COVID-19,  Lifestyle,  Mental Health,  Social Issues

Discovering unlikely worlds in the silence of 2020

Margareth Sembiring uses the lockdown silence to look inside herself, and hears unforeseen melodies …

Year 2020 is ending, and it deserves a response. Unlike the usual focus on an understandable sense of frustration and fatigue for all the troubles and pain this year has brought, I thought I would listen to what it is trying to tell me instead. After all, listening is a prerequisite for any good and meaningful response. 

I used to spend almost all my waking hours outside my house. Living alone, away from my family, means my place of residence functions more like a hotel room than a real home. My days were filled with activities. Consequently, I never knew what loneliness felt like. I was happy living this way, or at least I thought I was, until the advent of Covid-19 which suddenly changed everything. 

Like most people, my busy lifestyle ground to a halt.

I had little choice but to redefine my relationship with my room, from a mere sleeping chamber to my new living space 24/7. It also meant getting used to having nothing to plan, which felt odd at first, but surprisingly freed up a lot of space in my head.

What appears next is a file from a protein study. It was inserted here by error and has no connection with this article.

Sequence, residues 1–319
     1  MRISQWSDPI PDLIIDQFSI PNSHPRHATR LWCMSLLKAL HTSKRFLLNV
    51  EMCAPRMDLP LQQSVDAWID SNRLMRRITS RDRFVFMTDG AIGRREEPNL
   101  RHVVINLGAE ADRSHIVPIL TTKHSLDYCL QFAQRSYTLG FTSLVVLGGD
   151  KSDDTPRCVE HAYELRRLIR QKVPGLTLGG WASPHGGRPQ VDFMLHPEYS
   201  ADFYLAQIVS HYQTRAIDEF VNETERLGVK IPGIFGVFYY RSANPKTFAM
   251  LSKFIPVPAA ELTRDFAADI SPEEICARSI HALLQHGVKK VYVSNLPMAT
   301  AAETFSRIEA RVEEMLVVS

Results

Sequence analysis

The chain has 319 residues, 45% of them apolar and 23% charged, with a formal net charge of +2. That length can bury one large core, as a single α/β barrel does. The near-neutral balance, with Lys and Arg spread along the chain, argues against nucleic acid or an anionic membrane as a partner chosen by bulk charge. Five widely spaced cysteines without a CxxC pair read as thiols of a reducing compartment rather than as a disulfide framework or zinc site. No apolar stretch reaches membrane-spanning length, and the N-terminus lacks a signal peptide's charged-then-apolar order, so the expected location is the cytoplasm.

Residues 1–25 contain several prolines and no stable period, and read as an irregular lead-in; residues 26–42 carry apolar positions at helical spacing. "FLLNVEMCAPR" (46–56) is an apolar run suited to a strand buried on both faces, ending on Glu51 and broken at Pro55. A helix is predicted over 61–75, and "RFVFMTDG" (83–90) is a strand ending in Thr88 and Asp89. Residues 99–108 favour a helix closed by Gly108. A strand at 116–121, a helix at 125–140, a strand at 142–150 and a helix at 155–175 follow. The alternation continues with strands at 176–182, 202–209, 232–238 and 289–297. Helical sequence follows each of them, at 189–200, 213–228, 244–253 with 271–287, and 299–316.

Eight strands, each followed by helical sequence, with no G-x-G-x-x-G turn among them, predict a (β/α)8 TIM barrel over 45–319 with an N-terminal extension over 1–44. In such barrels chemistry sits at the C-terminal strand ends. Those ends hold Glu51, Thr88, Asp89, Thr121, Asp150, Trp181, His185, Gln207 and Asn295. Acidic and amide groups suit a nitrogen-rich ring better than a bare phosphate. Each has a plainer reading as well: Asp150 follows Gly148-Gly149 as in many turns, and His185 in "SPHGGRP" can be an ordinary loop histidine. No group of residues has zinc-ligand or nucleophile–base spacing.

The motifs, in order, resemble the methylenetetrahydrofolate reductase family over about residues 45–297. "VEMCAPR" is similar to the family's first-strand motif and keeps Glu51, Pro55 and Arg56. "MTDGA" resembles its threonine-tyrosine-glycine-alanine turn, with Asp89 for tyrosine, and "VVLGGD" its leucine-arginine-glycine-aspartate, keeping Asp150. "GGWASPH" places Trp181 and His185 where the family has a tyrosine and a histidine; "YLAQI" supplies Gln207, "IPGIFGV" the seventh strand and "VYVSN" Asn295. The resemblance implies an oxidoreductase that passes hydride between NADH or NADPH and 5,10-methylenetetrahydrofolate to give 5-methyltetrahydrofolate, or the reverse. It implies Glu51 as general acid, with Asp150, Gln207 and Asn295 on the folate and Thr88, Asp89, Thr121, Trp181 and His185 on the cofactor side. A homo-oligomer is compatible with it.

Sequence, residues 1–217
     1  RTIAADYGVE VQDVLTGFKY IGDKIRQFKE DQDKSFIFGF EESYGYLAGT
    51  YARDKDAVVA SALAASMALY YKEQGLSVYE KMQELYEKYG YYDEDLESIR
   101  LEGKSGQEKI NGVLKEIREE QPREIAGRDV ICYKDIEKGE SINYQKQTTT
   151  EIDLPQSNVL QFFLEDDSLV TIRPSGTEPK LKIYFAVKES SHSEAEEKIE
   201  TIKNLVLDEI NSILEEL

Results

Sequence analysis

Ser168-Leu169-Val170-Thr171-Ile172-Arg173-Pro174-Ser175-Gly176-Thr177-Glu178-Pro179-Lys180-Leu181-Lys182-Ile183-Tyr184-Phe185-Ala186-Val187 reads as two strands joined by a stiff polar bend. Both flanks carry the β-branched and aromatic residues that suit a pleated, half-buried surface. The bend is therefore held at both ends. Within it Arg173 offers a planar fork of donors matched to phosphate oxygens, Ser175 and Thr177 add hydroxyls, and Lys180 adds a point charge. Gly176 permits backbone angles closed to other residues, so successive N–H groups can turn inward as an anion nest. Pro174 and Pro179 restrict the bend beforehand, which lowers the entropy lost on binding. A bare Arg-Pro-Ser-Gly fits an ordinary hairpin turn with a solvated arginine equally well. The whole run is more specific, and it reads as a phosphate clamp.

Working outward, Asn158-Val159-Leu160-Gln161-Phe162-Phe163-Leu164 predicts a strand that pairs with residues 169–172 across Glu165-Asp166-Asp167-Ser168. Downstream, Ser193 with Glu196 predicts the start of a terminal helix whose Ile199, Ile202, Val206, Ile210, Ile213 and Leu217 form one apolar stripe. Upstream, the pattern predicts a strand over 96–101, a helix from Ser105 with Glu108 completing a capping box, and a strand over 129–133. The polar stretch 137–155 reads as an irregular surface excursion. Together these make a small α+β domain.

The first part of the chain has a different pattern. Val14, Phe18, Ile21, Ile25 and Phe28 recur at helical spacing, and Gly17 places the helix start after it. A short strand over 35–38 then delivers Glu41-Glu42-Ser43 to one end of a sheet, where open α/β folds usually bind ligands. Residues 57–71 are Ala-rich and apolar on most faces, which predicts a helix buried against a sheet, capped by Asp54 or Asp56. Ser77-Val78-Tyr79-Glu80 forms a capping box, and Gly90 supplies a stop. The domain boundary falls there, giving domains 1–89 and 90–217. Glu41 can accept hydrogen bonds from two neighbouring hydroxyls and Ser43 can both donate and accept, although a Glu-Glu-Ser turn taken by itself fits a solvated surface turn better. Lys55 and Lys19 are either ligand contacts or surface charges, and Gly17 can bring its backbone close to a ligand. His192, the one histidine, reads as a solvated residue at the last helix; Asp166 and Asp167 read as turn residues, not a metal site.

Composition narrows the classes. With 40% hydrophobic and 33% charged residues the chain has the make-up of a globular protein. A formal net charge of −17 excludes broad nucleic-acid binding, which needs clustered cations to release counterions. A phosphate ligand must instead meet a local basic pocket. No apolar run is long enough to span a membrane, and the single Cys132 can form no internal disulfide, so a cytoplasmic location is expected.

And as my days grew quieter, I began to notice the strange presence of two worlds that I thought would never be present simultaneously: silence and noise, busyness and loneliness, charity and anxiety, faith and work. 

The sudden silence in my personal life made me hear how incredibly noisy the outside world is.

I always know that the world is noisy, but my own preoccupations must have dampened its intensity somehow. 

This whirlwind year reported border closures, restrictions and surveillance, job losses, mass demonstrations, terrorist attacks, and vaccine rush. Then from different corners of the world there were stories of divided societies, angry remarks, threatening responses, natural disasters, and climate worries; all against the backdrop of continuing anxiety over Covid-19 infections and painful accounts of death. I wonder how any brain could cope with all these. 

Yet, the fact that our world can continue to remain somewhat intact amidst all the chaos offers a reason to hope. 

The same external silence which has enveloped my days has also exposed internal empty spaces which I had never noticed before. Prior to Covid-19, crossing the borders to see my parents and siblings back home at regular intervals was a breeze. But the current Covid-19 restrictions mean Christmas without family this year and an indeterminate waiting period to see them again. In other words, I can only hope and pray that all of us remain healthy until the pandemic is over. 

Although technology allows me to be in constant communication with my loved ones, I cannot ignore this unfamiliar sense of loneliness that is growing in me. It is even more so with the arrival of my newborn niece whose adorable face I can only see in pictures and videos. 

Dealing with solitude has proven to be challenging, and I cry more than ever before. But now I know what that word really means, and I can empathise better with those struggling with being alone.